Old English for Beginners

David Parry



English literature spans a period of around one thousand five hundred years. The earlier half, unrivalled as a vernacular literature in its day, is almost unknown to the modern reader, and if known, only in paraphrase. Knowledge of our literature is seriously incomplete without Beowulf, The Dream of the Rood, The Battle of Maldon,The Wanderer and half a dozen other poems, and without King Alfred’s prose, which did as much to unify the kingdom as his victories over the Danes. The prime source for any knowledge of Anglo-Saxon England, the Chronicles, was itself groundbreaking in using the vernacular, and ought to be common knowledge. But the earliest poetry and prose is written in Old English, and the modern reader is scared off.
     To get a reading knowledge of Old English does require some effort—though nothing like as much as Latin. We have a flying start. Much of what we say in English uses words either the same as or closely related to the words they used a thousand years ago. Using this book you can be reading Old English after about 40 hours of work!
     Many Introductions to Old English are available, some of them excellent. David Parry found in years of experience that they are all unnecessarily difficult for the modern student who may have little time and less knowledge of grammatical terms, so he made his own Old English for Beginners. In this book grammar is not shirked, and one by-product will be to give any reader who needs it a working knowledge of the grammar of modern English, but grammar is introduced step by step in alliance with reading, and the student begins reading even before starting the grammar.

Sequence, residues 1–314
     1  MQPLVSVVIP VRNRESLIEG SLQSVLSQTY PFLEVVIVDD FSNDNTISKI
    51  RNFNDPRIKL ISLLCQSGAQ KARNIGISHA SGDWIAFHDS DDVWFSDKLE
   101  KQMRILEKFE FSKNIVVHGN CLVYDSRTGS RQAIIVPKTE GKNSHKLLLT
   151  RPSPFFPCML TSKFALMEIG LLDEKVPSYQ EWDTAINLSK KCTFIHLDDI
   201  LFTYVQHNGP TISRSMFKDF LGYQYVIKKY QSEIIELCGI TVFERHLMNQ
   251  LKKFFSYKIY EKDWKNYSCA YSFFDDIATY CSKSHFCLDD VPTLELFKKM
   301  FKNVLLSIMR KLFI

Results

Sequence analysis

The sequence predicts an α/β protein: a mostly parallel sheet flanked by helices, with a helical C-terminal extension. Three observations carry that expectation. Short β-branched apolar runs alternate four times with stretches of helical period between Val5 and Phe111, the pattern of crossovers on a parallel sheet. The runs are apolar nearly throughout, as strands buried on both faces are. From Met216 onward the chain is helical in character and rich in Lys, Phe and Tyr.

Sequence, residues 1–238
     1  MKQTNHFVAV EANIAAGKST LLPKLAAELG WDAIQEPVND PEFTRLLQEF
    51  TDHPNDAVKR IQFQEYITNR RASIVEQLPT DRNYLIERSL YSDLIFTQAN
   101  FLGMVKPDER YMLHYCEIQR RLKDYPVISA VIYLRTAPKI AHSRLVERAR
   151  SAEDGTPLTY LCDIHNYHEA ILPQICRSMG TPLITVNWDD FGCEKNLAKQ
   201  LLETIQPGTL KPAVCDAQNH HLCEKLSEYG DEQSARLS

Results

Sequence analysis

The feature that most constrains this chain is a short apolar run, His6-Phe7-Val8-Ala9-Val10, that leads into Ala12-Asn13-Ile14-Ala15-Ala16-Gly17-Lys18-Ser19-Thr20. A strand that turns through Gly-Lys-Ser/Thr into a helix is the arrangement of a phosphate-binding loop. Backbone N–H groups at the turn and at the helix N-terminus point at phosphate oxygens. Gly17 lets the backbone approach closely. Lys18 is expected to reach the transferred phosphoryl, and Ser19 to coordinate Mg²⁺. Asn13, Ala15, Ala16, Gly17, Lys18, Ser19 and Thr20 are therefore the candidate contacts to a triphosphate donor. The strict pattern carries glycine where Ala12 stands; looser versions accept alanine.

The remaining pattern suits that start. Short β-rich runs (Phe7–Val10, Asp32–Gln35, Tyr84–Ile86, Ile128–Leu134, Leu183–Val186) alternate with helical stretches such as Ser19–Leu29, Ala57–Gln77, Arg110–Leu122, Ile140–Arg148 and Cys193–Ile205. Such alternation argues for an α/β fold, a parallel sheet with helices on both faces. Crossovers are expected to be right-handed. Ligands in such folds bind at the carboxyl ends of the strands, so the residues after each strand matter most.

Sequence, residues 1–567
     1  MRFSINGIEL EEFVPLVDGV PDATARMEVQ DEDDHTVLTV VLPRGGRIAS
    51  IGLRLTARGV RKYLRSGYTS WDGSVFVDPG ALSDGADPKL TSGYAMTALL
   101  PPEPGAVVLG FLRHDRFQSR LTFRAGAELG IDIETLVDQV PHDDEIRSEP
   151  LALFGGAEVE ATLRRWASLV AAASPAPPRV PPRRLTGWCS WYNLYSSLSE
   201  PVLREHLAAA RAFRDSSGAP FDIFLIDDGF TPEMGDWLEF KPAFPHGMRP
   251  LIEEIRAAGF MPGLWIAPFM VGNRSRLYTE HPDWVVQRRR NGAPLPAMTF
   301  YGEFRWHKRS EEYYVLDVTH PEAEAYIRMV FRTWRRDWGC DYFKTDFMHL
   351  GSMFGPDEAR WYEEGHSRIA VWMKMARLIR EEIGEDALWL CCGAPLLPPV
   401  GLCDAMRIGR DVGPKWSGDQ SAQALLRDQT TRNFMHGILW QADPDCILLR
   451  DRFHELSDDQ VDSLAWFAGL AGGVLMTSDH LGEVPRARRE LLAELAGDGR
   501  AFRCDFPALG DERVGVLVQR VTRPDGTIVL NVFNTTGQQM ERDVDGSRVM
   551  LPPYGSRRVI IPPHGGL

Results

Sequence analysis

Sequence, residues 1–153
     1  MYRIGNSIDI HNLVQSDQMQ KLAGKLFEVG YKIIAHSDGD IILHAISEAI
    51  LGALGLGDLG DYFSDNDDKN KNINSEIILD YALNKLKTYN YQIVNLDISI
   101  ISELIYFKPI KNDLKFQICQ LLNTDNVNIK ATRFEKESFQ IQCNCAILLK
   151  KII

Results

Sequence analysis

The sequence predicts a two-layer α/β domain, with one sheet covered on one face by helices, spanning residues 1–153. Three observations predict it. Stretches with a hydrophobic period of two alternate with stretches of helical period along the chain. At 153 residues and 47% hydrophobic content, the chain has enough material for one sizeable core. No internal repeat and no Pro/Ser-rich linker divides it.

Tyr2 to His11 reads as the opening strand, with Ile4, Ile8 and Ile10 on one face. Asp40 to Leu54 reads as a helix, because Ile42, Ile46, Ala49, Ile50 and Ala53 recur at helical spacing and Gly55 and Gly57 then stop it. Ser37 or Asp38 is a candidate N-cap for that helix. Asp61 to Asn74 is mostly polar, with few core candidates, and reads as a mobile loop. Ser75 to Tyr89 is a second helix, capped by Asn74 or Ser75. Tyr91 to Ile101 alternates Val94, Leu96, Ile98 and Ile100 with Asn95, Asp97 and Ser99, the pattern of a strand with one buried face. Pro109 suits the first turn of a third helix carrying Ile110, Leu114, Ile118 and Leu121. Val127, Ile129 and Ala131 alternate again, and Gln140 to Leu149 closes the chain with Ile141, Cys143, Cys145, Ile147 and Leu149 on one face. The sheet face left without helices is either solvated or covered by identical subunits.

Anyone who has gone seriously through this little book will be well equipped to read further and/or to study Old English academically. Its forerunners have been proved in practice to achieve these aims.
     Mr Parry’s own readings are themselves a first-rate introduction to Old English, a language that needs to be heard. To download them free, click on the buttons below.

Mr Parry, a graduate of the universities of Leeds and Sheffield, lectured for many years in Dialectology and English at Swansea University, and has written Dialects in Gwent and edited A Grammar and Glossary of the Conservative Anglo-Welsh Dialects of Rural Wales.

ISBN 978 0 907839 73 6‚ paperback‚ 162 pp.‚ 6.00



TOEBI Newsletter XVII, Autumn 2003

Englisc: Old English for Beginners
David Parry
Edgeways Books, Brynmill Press 2003 162pp. paperback 0907839738 £6.00

Parry’s aim in this book is to provide an elementary course in Old English for students coming to the subject with little prior knowledge of either Old English literature or modern English grammar. He aims to have students, by the end of this short book, able to read extracts from prose and poetry in the original and to be enthusiastic to continue their study. He prints some 185 lines of prose and 330 lines of poetry from texts such as Phoenix, Maldon, Husband’s Message and Genesis B. It certainly seems likely that those who work conscientiously through the book will be able by the end to read the extracts given.